I’ve been playing around with abstraction. What is that really? When I paint, I am starting from somewhere and rarely wind up with something that is fully faithful to the original reference point. Even if I do, it’s an abstraction of sorts; I’m depicting something that’s three-dimensional on a two dimensional plane. It’s a magic trick, a kind of optical illusion.

Keeping that in mind helps me to be looser and freer with what is happening in that picture plane. I don’t take it too seriously. It is a playground of my own making. I can do in it as I wish. I can make it a very convincing space or something more random and imaginary.

Typically, I do start with a photo and a feeling for a place. Maybe there is a memory or mood attached to it. Maybe I’m simply drawn to the beauty of the moment. From there, I break it down into what is the easiest and simplest way for me to paint it. I try to see the large masses and the strong value differences and then I paint those. I’m looking for the big statement. Then I look for the smaller statements and add them if I feel that they will add to the idea that I’m trying to convey. If they don’t, I edit those elements out.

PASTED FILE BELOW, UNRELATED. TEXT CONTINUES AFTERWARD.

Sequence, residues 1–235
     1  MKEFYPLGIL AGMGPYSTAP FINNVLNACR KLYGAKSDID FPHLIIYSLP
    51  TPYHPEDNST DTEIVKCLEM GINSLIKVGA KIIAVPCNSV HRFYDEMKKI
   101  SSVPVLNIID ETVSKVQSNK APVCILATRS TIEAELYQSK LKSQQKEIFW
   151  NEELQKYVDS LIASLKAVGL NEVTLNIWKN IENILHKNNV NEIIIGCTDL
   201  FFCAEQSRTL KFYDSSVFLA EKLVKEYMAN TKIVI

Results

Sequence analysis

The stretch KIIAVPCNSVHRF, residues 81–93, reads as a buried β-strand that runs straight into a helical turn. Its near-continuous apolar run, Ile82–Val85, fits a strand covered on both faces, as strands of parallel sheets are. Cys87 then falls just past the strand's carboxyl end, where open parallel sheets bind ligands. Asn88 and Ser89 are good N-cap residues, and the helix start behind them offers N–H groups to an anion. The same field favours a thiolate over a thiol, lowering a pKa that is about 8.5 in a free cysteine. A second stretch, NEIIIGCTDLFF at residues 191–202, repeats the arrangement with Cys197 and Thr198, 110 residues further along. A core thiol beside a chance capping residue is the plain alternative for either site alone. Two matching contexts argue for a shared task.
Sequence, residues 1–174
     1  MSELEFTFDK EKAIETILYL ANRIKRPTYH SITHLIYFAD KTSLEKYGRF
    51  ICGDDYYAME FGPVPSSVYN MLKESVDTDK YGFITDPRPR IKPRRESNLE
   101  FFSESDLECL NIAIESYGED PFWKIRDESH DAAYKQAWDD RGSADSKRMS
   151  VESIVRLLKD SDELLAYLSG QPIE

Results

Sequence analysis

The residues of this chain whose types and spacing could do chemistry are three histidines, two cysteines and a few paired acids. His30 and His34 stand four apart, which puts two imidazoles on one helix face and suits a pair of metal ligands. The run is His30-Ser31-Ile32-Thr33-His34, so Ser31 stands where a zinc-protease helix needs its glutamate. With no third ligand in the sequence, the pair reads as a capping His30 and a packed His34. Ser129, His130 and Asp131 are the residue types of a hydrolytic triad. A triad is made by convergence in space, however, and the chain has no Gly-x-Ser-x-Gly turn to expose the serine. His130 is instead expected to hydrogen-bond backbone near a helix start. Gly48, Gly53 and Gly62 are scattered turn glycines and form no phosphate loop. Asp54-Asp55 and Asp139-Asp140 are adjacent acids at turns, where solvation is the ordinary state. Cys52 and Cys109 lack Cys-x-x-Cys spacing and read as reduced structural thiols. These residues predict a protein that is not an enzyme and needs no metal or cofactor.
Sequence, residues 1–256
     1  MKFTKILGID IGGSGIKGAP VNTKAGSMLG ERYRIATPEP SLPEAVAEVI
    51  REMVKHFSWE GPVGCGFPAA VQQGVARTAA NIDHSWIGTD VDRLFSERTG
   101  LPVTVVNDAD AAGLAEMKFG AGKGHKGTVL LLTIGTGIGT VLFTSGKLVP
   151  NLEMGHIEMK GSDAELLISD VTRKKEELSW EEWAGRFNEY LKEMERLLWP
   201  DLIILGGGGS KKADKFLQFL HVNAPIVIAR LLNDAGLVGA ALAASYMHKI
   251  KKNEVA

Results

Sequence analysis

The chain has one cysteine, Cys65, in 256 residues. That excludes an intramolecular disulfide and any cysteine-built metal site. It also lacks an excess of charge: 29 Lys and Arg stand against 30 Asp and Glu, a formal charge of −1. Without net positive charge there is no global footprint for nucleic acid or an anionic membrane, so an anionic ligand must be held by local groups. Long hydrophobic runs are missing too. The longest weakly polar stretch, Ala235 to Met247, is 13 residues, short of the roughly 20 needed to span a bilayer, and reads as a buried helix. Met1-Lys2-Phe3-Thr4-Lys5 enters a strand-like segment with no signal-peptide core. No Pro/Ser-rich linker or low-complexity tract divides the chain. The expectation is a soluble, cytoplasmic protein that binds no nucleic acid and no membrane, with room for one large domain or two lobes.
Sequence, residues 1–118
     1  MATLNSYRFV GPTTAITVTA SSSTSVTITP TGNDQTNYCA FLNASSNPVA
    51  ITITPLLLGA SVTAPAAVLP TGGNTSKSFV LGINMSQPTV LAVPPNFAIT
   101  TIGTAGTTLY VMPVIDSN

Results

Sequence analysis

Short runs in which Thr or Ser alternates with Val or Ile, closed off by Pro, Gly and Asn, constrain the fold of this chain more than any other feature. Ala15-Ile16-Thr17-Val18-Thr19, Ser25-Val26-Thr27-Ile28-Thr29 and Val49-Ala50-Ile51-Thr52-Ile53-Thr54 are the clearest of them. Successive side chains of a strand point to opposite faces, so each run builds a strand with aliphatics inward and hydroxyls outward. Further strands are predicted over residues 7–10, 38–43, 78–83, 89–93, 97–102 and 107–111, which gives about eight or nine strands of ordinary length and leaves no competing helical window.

This week, I played with how far I could go in simplifying. What is the real strength of a painting? Is it the details? Do they carry it or is it the underlying structure, the bones that matter? Is it both? At what point is a composition no longer interesting or a “finished” piece? This is the dance!

With Warmest Regards,

Painting Minilessons
with Marla Baggetta

These “mini-lessons” grew out of my blog. I love sharing my experience behind the easel, so these are free. I write a new one every two or three weeks, so please feel free to share with artist friends.

​These lessons are mostly written text with graphics…short but useful tidbits from the foundations of painting that touch on subjects such as aerial perspective, simultaneous contrast or using negative spaces. I guide you through different aspects of painting and art that will get you comfortable with using pastels. You’ll gain confidence to attempt work that you might have otherwise been timid about.

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